Here’s Why You Get Crazy Chin Hairs As You Get Older

When random chin hairs sprout out of nowhere, it’s normal to wonder why — and what you can do about it.
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Strangely long chin hairs: They’re not a facial feature most women welcome, but they’re a reality for many people, especially as they age. In fact, in a memorable and relatable TV moment, talk show host Rosie O’Donnell once showed off a chin hair so long she was able to put a little bead on it.

O’Donnell’s candour is to be respected, but when those random chin hairs sprout seemingly out of nowhere, it’s normal to wonder why it’s happening in the first place ― and what you can do about them. We asked an endocrinologist and a dermatologist to share everything you need to know.

Blame it on your hormones

Dr. Ana Kausel, an endocrinologist at Mount Sinai Health System in New York City, said that when women grow hair in a pattern and thickness similar to that of men, it’s called hirsutism. As we age and enter menopause, our hormones begin to shift, and when that happens, hairs may sprout where there weren’t any before.

“All women have both oestrogen and testosterone, but in our reproductive years we tend to have more oestrogen than testosterone and this balances the testosterone’s side effects,” Kausel said. “As we age, there’s a higher imbalance, since oestrogen disappears but the production of testosterone remains, making androgens more potent and leading to side effects like chin hair.”

As board-certified cosmetic dermatologist Dr. Michele Green explained it, androgens — a group of hormones that include testosterone — interact with hair follicles and activate them to produce terminal hair, or hair that is longer, thicker and more deeply rooted, like beard hair. As a woman’s body produces less oestrogen and testosterone becomes dominant, facial hair is more likely to sprout.

Of course, this doesn’t happen to everyone. And whether you do or don’t get those long chin hairs comes down to your genetics.

“Hair follicles are unique, and their sensitivity to androgens differs per individual,” Green said. “A person is more likely to grow chin hair if other women in their family also have chin hair.”

Kausel noted that while a little chin hair here and there in older women is normal, it should be minimal. If you notice a lot of growth, you should see a doctor for a blood test and, potentially, a pelvic ultrasound.

What about facial hair in younger women?

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Of course, chin hairs aren’t limited to post-menopausal women. Women of reproductive age get facial hair, too, and Kausel said that if this happens, you may want to see your doctor. “Having chin hair might mean that your androgens (male hormones) are high,” she said. “High androgens come from either the ovaries (polycystic ovarian syndrome, or PCOS, being the most common cause) or, much less frequently, the adrenal glands.”

PCOS is a common and treatable condition caused by cysts in the ovaries that overproduce androgens, so a person’s cycle, ovulation and fertility can be impaired, Kausel said. “You may have other issues, too, that come from having high androgens, such as acne, hair loss and hirsutism. PCOS can also have metabolic manifestations with weight gain, insulin resistance and a high risk of developing Type 2 diabetes.”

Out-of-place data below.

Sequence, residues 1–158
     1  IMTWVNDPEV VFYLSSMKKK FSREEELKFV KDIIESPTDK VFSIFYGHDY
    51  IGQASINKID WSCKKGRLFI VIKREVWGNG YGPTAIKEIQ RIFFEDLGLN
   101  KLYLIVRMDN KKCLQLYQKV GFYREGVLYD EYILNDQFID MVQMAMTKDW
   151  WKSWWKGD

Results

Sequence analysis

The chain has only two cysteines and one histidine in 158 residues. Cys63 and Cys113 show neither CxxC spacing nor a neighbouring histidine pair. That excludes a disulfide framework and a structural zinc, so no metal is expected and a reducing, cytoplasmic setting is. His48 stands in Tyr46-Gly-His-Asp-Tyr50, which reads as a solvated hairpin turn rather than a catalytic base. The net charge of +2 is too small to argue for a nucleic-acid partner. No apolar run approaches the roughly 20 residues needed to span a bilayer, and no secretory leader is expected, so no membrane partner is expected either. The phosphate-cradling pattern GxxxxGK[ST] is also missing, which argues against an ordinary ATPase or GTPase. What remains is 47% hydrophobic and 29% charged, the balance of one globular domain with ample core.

There is also a hereditary condition, congenital adrenal hyperplasia, that can have a late onset and affect facial hair growth, Green said.

“Another condition that can cause sudden hair growth is Cushing’s disease, where the body produces too much cortisol, leading to higher levels of androgen,” she said. “Cushing’s disease is also associated with weight gain, headaches and blood sugar issues.”

Long story short: If you’re pre-menopausal and you develop facial hair, especially if it comes on suddenly, see your doctor for a diagnosis and treatment plan.

What to do about hair on your chin

While some of us are happy to decorate our chin hair with beads, others might want to get rid of it. Luckily, Green said, there’s a lot you can do if that’s the case.

Laser hair removal is a convenient option to clear out unwanted excess hair,” Green said. “The laser emits a specific wavelength that targets the hair follicle’s pigment or melanin. With current advancements in technology, lasers can safely treat all skin tones and hair colours except grey and white, which do not contain melanin for the laser to detect.”

Furthermore, “electrolysis is a great option for permanent hair removal that works for grey and white hairs,” she noted. “During electrolysis, an electric current is delivered to the bottom of the follicle, destroying the root and damaging the follicle to prevent hair growth.”

A physician could also prescribe anti-androgenic medication like spironolactone to target the excess androgens and prevent further chin or other unusual hair growth, Green said.

“Over-the-counter depilatory creams can be used at home to dissolve the hair, too, but these products tend to be irritating and can even burn the skin if not used properly,” she said. “There are prescription eflornithine creams that work to reduce hair growth, and this cream is a good option for unwanted hair in a small, target area.”

Finally, while you may be tempted to pluck your chin hairs, Green strongly advises against that. “Plucking using a tweezer is not the preferred method of hair removal, as it can damage the skin and cause ingrown hairs and folliculitis,” she said.

New, long chin hairs can be annoying, but they’re often not cause for concern. And if they’re really bothering you, there’s a lot you can do to address them ― so don’t be afraid to chat with your doctor or dermatologist about any hair growth concerns you might have.

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